A woman is telling me about her two sons . . . they’ve grown up to be fine young men, she says. It’s disappointing, of course, that neither of them managed to finish high school but it was really unavoidable because the older boy was much smarter than his peers and so he was always bored and academically unengaged and finally dropped out completely, and the younger boy just imitated whatever the older boy did.
I’ve heard this type of woulda-coulda-shoulda before and I have to admit I’ve never been totally receptive to it: this happened . . . then that happened . . . the kid did such-and-such . . .
It sounds very passive. Parents aren’t supposed to be passive observers. There are intervention points every day. If things aren’t going in the right direction, you do something to take them in a different direction.
Look in any classroom in America . . . you’ll see kids with a range of abilities. Are you telling me that all of the smartest kids are destined to fail because they’re smart? That because they’re smart, they have no option but to get bored and check out and fail?
Lots of smart kids do very well in school . . . they get good grades and test scores and they go to good colleges. What is the difference between those kids and the kids who get bored and check out and fail?
Think about it . . .
Everyone can shut up about “let’s get more women into leadership positions.” Because they don’t want leadership positions. Or they’d get them. Obviously. Women want to have time for their kids. And leaders – especially top-down leaders – dedicate their lives to their work. There won’t be female leadership and male leadership. There will be people who lead at home and people who lead at work. People will take ownership of outcomes for the areas of life they care most about.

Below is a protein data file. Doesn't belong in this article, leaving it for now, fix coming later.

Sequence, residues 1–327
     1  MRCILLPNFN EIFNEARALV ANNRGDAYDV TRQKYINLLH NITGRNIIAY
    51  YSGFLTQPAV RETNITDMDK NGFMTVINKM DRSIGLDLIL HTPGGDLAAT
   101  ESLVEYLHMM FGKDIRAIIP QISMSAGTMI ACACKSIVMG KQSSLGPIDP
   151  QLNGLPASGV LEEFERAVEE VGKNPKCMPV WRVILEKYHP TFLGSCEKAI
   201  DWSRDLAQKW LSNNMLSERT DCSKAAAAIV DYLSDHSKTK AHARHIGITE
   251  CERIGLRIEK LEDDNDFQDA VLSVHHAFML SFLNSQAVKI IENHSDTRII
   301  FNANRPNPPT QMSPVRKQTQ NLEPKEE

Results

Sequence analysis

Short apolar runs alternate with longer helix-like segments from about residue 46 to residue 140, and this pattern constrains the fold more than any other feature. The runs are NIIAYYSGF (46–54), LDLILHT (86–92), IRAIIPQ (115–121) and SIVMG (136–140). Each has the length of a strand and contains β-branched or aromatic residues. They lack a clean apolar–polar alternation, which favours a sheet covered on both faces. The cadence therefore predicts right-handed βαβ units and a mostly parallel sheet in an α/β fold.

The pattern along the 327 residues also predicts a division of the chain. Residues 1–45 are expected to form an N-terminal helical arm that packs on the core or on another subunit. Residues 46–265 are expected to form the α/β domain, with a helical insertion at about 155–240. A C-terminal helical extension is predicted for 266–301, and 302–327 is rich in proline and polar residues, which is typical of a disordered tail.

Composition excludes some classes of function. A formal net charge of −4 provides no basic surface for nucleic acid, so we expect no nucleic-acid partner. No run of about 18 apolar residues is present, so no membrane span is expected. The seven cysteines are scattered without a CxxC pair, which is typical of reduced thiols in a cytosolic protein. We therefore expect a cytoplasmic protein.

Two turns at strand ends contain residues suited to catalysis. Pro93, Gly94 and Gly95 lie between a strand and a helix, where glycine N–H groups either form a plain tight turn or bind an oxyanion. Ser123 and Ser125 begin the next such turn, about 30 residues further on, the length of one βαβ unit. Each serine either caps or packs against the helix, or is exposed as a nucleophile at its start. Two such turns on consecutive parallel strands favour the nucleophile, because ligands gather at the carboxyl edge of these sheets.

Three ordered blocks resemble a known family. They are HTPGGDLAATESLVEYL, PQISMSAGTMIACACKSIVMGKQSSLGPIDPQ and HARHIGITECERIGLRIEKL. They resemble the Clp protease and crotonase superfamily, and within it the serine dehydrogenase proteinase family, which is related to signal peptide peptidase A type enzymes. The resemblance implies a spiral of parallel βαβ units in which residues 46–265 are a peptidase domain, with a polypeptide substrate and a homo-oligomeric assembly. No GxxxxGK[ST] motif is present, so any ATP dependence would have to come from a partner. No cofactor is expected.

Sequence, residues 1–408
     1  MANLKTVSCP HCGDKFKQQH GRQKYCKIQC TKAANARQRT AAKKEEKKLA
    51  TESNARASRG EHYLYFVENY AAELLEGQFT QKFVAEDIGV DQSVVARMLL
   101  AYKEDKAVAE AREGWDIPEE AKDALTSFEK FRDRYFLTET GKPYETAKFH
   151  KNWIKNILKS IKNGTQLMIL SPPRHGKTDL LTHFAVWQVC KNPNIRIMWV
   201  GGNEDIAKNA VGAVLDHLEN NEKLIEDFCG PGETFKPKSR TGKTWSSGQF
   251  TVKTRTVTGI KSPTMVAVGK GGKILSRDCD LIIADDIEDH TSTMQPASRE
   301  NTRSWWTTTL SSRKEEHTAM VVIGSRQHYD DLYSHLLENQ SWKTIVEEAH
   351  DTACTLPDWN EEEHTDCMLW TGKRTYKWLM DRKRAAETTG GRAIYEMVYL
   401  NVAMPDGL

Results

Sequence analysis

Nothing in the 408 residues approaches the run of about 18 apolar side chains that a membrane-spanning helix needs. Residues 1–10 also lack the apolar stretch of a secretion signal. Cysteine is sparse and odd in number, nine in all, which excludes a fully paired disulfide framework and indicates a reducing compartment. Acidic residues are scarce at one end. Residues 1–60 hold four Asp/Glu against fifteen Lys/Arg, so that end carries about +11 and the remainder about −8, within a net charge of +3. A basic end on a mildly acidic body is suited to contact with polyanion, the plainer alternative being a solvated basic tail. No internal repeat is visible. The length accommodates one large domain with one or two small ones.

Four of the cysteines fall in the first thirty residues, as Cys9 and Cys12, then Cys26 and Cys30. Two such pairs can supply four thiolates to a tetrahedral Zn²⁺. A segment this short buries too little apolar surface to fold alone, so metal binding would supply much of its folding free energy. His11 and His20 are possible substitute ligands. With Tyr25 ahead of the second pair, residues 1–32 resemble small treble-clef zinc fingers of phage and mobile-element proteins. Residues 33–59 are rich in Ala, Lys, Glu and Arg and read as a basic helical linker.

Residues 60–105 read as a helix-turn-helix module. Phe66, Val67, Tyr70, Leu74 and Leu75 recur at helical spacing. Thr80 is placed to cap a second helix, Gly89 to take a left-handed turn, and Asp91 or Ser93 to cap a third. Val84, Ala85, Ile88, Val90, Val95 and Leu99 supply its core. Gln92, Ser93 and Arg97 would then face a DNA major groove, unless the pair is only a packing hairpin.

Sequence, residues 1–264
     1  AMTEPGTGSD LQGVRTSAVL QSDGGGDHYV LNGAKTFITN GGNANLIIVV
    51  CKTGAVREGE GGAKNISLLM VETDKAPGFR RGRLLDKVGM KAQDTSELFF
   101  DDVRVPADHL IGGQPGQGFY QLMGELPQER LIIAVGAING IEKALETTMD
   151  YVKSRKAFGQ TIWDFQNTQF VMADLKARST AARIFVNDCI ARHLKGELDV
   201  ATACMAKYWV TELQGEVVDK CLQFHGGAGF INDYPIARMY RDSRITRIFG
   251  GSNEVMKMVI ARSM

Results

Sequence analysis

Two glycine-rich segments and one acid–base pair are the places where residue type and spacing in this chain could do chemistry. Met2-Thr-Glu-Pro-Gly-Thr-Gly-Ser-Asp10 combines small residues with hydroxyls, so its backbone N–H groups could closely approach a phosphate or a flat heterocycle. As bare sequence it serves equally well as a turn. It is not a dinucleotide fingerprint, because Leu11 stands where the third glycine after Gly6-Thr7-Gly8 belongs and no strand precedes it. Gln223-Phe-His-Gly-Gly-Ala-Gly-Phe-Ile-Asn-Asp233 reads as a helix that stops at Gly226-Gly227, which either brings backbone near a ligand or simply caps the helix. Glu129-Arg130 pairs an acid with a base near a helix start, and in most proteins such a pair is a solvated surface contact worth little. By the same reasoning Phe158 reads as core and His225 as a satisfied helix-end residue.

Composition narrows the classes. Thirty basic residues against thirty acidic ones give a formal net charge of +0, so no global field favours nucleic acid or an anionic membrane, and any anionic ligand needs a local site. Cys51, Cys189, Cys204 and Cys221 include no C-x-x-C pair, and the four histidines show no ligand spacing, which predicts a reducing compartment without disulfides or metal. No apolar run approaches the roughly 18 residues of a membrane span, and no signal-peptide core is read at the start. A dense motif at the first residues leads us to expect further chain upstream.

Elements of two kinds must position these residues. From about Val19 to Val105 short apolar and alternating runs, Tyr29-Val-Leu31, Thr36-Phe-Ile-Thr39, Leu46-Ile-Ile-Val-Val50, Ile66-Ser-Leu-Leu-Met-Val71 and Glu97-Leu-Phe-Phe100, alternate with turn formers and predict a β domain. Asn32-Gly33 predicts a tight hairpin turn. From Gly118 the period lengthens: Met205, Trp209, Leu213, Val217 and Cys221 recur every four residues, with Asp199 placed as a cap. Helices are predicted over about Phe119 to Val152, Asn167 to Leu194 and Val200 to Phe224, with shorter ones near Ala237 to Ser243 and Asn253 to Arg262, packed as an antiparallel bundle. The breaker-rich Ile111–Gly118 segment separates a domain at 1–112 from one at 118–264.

One of my colleagues at work has a son in 6th grade. She’s trying to figure out which math class to put him in for 7th grade.
Working backward, we know that “normal” kids take Algebra I in 9th grade, the smarter kids take Algebra I in 8th grade, and the smartest kids take Algebra I in 7th grade. Placement depends on how a kid scores on the math placement test.
My co-worker’s concern is if her kid gets a top score on the placement test and he’s eligible to take Algebra I in 7th grade, does she want him to do that, or to wait till 8th grade?
If he takes Algebra I in 7th grade, that would mean he’d be taking the hardest math classes all through high school. Would it be better from a college admission standpoint to take easier classes and get all A’s, or take the hardest classes and maybe get a B+?
Our kid has already been through the Irvine schools. He’s in college now so I can answer questions like this with the benefit of experience.
“I like to see kids push themselves to take the hardest challenge available,” I said. “Colleges are not impressed with kids who get A’s in easy classes.”
“But what if he takes hard classes and gets a B+?” she asked.
“My advice is, don’t get a B+.”
If your kid takes hard classes in high school and gets B’s in them, he or she may not be able to attend a top university, but it wasn’t their destiny to attend a top university. Your kid is not that kind of a kid.
That reminds me . . . Olympic figure skating is on TV this week. Are you watching it? Neither am I, but I’ve heard that some of the skaters actually fall down during their program.
They’re supposed to be the best skaters in the world. Even I could go out there and skate around for a few minutes without falling down. Granted, I couldn’t do any spins or jumps or skate backwards or anything like that.
The point is that to be recognized as the best at something, you can’t just do easy things well. You have to risk doing things that are hard to do. In the skating scenario, it’s not enough to say “I didn’t fall on my ass.” No, you didn’t, but you didn’t even try to do anything hard.
In any endeavor, you won’t impress people of discernment simply by avoiding anything that might give you some difficulty. Step up to the challenge.